|Engine||745cc air cooled twin|
|Power||55 bhp (41 kW) at 6500 rpm|
|Transmission||Four-speed, chain final drive|
|Suspension||Telescopic forks dual shocks (5-way adjustable)|
|Brakes||Drum, 203 mm (front) 178 mm (rear)|
|Weight||185 kg (408 lb) (wet)|
|Fuel capacity||13.5 l (3.0 imp gal; 3.6 US gal)|
The Mark 1 Atlas was launched as the 750SS in the early 1960s, but by the time it appeared c. 1962 it was being called a 750cc Atlas, with Norton's famous featherbed frame. Designer Bert Hopwood’s 1949 497cc Dominator engine had been bored and stroked over the years to 745cc, via 600cc and then 650cc versions, to appeal to the American market and initially was only produced for export.
The styling was also aimed at the US market with high-rise handlebars, small 2.5-gallon petrol tank and valanced chrome mudguards and chain guard. The look was completed with a heavy-duty WM3-18 rear wheel, and a Lucas Competition magneto was supplied as standard.
The engine had lower compression than the Dominator (at 7.6:1) and was fitted with a single 376 Amal monobloc carburettor giving 55 bhp (41 kW) at 6500 rpm. However the design also produced excessive vibration at high revs, so the compression ratio was reduced. The Atlas shared many cycle parts with the last of the Dominator twins and had Norton’s four-speed gearbox and heavy-duty clutch. Electrics were 6-volt and it had Roadholder forks, adjustable Girling rear shocks and a slimline Featherbed frame.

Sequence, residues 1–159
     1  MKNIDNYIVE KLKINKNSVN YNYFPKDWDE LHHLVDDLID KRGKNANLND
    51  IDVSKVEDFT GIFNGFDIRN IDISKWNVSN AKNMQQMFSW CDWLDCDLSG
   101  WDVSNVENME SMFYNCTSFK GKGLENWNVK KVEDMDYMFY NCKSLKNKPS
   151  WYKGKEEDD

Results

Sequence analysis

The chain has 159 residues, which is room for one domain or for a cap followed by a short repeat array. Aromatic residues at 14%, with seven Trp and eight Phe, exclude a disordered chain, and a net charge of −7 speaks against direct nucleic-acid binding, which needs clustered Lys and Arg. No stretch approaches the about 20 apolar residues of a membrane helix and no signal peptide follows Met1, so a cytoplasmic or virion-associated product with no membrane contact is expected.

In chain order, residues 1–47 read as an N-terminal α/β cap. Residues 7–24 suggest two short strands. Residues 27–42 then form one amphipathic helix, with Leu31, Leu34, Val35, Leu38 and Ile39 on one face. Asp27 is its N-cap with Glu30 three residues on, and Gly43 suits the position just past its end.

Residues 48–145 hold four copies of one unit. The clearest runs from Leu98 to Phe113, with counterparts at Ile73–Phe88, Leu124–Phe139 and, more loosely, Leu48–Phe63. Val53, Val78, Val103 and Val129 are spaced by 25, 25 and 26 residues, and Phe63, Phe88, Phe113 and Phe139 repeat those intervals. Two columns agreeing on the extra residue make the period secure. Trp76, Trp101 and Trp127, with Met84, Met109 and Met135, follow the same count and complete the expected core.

In 1964 the Atlas was upgraded to 12-volt electrics, and gained an extra carburettor and wider fork yokes. A UK version was launched with flat bars and twin instruments. The Atlas continued to be built until 1968 but by then the Norton Commando had taken over.
Specials and hybrids
Specialist tuners such as Dunstall produced Atlas-based racers (Domiracer 750) and offered race-styled roadsters (Dominator 750) although later on Dunstall also designated his roadsters as 'Domiracer'. A few Rickman Metisse frames were either made or later modified by owners to accept Norton power plants, and the factory-built Atlas-powered AMC-Norton hybrids (Norton Matchless) included an Atlas-based off-road trailster designated P11.
Over seven thousand Atlas hybrids were produced at Plumstead between late 1963 and late 1968 using Atlas engines and various Matchless frames. These had designations G15 for the roadster and P11 for the trailster (instead of names).
- "1962 Norton Atlas". Retrieved 2008-12-19.
- Motorcycle Mechanics, May 1962, p.13 Looking Ahead - Mighty Atlas. "...this exciting 750 cc twin from Norton's. [sic] Unfortunately, as yet, it is only for the American market, to compete against their hefty capacity bikes.". Accessed and added 2014-09-20
- http://www.jamiewaters.com/motorcycles.html Jamie's Nortons. Retrieved 2013-02-24[better source needed]
- Morin, Paul. "Norton Hybrids" (PDF). Retrieved 2008-12-20.